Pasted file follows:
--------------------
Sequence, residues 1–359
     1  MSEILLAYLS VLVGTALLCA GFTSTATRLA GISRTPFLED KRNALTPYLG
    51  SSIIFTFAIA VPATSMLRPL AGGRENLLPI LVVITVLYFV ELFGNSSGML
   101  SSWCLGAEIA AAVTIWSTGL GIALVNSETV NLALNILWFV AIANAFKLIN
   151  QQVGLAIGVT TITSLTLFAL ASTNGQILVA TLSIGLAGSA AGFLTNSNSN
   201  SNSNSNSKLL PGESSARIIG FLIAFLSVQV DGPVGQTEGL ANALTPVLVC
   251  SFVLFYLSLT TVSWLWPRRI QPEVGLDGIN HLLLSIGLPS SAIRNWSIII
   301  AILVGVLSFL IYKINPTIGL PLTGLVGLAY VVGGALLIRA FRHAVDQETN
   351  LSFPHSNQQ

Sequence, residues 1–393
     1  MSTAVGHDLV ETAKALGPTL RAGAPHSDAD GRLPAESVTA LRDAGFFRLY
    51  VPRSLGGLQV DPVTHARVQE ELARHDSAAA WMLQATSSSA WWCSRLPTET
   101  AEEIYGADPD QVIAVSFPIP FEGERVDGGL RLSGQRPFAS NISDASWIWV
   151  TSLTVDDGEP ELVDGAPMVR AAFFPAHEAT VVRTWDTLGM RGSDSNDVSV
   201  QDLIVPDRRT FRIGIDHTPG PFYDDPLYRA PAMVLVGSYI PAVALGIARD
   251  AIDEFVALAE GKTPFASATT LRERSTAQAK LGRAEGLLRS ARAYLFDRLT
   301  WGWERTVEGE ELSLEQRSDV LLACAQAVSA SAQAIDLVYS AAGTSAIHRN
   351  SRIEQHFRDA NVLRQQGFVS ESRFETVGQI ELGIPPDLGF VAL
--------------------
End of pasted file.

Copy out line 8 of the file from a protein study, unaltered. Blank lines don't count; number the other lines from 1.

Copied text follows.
   301  AILVGVLSFL IYKINPTIGL PLTGLVGLAY VVGGALLIRA FRHAVDQETN